WASHINGTON — President Barack Obama’s signature program to help improve outcomes for boys and young men of color is getting a new name.
Obama signed a presidential memorandum Friday renaming the My Brother’s Keeper program as the “Task Force on Improving the Lives of Boys and Young Men of Color and Underserved Youth.” The Associated Press obtained a copy of the memorandum, which revises the earlier directive that launched the program, before the White House released it.
Broderick Johnson, an assistant to the president and chairman of the task force, said the new, though less catchy, name better reflects the initiative’s work and mission.
Obama’s decision to rename the task force and make other changes is designed to help ensure that the federal work continues, and that it remains a priority at the White House, Johnson said.
Participating federal departments and agencies will be required to report at least once a year on the work they are doing. New agencies have also joined the task force, including the Energy Department, the National Science Foundation and the Equal Employment Opportunity Commission.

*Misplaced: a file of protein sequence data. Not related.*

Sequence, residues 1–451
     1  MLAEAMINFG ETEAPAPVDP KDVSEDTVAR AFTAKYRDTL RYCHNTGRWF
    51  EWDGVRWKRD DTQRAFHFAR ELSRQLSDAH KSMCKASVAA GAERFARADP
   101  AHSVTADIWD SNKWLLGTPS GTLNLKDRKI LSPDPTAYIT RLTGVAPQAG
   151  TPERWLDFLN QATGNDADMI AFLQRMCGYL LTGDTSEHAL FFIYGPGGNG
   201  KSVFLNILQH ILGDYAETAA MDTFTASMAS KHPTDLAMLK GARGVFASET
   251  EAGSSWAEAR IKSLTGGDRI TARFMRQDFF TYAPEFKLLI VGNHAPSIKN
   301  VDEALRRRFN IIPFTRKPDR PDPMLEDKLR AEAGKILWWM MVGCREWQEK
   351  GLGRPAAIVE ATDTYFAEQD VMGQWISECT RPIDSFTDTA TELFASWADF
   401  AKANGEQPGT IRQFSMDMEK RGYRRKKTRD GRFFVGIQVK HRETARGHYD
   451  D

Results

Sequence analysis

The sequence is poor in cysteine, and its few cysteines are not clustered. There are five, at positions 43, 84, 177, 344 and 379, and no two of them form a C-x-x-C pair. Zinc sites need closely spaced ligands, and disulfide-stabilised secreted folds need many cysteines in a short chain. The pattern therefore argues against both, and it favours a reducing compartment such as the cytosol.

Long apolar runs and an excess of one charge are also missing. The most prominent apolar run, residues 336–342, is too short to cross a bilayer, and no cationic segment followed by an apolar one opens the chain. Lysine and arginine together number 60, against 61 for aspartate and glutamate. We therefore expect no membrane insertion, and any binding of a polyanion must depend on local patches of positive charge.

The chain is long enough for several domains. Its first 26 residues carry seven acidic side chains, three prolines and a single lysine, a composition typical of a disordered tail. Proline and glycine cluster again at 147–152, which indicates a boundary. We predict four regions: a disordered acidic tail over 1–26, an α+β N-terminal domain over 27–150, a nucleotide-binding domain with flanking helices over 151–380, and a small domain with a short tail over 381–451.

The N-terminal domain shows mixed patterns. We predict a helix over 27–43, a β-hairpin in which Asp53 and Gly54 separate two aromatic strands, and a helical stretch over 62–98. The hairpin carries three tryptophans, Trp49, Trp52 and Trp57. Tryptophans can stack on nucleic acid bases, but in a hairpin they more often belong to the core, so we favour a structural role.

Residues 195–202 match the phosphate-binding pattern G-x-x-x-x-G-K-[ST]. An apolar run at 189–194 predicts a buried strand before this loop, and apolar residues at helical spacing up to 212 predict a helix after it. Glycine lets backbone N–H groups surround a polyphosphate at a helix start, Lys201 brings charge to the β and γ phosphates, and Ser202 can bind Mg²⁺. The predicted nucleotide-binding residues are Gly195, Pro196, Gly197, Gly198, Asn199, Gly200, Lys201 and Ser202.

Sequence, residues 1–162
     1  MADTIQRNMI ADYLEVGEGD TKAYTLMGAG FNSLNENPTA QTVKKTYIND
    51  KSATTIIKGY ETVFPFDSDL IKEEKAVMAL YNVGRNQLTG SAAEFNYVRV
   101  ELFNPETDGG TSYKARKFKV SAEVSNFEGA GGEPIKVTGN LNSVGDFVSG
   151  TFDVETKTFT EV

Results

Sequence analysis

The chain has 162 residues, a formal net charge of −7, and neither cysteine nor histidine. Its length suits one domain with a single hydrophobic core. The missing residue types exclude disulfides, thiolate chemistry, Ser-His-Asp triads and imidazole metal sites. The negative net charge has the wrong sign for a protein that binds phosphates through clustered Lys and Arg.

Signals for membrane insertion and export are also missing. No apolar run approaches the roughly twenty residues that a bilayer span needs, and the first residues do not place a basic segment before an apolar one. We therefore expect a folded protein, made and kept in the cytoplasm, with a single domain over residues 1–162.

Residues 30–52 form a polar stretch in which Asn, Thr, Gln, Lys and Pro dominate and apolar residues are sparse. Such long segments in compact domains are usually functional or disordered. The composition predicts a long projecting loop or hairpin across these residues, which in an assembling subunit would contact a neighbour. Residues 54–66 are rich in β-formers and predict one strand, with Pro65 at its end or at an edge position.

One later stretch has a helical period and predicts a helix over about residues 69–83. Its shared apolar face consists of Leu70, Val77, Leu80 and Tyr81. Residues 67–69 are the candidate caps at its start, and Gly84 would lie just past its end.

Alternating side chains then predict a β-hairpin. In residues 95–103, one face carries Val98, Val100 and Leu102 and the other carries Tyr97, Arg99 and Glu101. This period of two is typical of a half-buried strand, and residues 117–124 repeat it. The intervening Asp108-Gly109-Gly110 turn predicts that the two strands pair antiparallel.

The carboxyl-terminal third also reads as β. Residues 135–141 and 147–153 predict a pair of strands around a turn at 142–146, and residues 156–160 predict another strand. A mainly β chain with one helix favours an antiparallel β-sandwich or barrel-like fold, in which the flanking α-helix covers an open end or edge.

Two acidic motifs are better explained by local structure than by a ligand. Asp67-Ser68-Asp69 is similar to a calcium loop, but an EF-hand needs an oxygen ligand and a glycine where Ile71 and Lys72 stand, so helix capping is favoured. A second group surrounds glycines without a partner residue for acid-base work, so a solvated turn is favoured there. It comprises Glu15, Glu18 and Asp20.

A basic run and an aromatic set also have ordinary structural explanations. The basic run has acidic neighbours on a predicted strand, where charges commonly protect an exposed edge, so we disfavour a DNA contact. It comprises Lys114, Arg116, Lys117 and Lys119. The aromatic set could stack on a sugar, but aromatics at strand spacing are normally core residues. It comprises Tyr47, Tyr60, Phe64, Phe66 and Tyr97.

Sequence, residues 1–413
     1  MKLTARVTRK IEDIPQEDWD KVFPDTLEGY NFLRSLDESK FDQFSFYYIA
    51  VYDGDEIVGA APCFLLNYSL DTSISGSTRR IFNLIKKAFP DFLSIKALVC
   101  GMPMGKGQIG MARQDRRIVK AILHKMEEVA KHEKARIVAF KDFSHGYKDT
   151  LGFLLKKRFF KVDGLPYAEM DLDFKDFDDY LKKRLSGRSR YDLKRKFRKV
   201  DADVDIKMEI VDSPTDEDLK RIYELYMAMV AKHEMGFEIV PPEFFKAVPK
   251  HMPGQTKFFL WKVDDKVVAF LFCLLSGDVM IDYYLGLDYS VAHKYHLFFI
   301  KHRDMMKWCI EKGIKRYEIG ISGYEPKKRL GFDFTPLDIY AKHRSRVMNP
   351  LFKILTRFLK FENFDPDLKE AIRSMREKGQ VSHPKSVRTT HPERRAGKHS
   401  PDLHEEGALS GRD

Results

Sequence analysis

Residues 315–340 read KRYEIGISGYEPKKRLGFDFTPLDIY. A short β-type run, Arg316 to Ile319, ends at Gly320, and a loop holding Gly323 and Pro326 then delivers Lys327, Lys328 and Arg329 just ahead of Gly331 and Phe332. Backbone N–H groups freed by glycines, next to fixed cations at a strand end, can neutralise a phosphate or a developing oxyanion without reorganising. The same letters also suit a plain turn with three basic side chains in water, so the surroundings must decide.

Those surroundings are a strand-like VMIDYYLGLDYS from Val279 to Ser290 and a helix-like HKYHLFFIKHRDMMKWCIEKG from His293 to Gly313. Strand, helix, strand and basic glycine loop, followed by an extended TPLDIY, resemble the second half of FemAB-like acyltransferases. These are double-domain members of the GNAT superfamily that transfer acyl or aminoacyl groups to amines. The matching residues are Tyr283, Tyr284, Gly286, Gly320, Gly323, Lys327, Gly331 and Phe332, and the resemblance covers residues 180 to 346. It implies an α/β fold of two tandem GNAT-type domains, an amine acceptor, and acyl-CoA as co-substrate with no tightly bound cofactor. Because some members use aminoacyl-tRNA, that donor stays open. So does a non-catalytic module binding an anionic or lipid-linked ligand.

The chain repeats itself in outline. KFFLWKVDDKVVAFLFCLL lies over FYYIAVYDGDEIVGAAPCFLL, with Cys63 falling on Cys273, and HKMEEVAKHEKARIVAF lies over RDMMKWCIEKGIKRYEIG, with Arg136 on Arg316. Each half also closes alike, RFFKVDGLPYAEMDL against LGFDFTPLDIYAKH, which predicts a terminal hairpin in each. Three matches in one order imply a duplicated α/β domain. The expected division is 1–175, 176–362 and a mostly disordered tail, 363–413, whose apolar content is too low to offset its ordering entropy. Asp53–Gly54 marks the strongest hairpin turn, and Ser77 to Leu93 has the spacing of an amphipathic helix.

My Brother’s Keeper is a public-private partnership and there has been some concern that the federal initiatives could be undone after President-elect Donald Trump takes office next Friday, although Trump spoke often during the campaign about wanting to make life better for minorities and inner-city residents.
Johnson said the program has “really been embraced by Republican mayors and business leaders and others, so that gives us great confidence about the work going forward.”
The president launched the program in February 2014 to address persistent opportunity gaps facing boys and young men of color.
Communities in all 50 states, the District of Columbia and Puerto Rico are running their own My Brother’s Keeper programs. The private sector and various philanthropies have committed $1 billion to the effort, and federal initiatives underway are designed to help level the field in education and other areas.
Obama has said he plans to stay involved with the initiative after he leaves office at the end of next week.
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